Removal of methane, benzene and toluene was evaluated in a lab-scale biocover packed with a soil mixture of forest soil and earthworm cast (75:25 weight ratio). The bacterial community in the biocover was characterized using quantitative real-time PCR and terminal restriction fragment length polymorphism. Methane was removed at the upper layer of the biocover (-0.1 ∼ -0.4 m), where the oxygen concentration was remarkably lower. The average removal efficiencies for methane and benzene/toluene were 90% and 99%, respectively. The pmoA gene copy numbers, responsible for methane oxidation, in the upper layer were higher than those in the lower layer. While type I methanotrohs dominated the lower layer, type II methanotrophs, such as Methylocystis and Methylosinus, were noted to be predominant in the upper layer. Benzene and toluene were removed from the lower layer (-0.6 ∼ -0.9 m) as well as the upper layer. Moreover, the tmoA gene copy number, responsible for benzene/toluene oxidation, seen in the upper layer was not significantly different from those seen in the lower layer. These results suggest that a biocover packed with a soil and earthworm cast mixture is a promising method which could be utilized for the control of methane and volatile organic compounds such as benzene and toluene.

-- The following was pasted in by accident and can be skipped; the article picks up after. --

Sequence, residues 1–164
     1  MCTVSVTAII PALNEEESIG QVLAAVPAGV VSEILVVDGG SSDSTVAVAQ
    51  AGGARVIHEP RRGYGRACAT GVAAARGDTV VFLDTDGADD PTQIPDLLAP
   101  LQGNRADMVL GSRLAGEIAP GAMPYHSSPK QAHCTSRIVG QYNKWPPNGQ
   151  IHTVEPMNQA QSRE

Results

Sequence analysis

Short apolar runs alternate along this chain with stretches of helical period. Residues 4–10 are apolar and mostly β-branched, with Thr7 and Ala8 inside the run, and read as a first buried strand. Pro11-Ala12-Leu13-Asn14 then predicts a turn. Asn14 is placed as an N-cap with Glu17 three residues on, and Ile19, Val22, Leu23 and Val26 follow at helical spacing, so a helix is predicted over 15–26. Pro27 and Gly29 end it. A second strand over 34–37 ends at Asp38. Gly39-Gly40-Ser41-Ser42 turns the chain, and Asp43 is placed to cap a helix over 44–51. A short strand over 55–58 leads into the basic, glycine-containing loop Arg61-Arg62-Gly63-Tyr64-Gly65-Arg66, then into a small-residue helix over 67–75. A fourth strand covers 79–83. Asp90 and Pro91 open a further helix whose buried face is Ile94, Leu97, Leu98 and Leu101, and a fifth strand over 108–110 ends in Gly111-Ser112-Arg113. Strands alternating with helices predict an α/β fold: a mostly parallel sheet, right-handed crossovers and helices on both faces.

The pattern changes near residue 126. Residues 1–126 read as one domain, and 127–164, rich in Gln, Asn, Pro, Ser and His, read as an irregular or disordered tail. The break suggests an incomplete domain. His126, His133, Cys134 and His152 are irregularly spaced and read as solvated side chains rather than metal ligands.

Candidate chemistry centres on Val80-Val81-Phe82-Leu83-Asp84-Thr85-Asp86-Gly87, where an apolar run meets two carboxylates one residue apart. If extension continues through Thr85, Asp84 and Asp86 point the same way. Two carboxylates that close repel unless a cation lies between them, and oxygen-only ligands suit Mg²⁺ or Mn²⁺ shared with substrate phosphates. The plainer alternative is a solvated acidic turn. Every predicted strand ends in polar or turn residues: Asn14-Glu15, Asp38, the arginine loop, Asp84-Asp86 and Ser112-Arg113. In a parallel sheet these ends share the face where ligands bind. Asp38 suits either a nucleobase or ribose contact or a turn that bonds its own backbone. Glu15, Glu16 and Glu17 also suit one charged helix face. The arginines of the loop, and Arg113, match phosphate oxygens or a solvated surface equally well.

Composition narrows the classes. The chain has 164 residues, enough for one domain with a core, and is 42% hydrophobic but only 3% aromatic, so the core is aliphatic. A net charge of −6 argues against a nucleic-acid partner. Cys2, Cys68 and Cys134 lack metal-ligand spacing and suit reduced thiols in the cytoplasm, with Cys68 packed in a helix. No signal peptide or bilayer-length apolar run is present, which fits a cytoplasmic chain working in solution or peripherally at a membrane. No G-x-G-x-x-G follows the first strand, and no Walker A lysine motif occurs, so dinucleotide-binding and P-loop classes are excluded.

- Bacterial community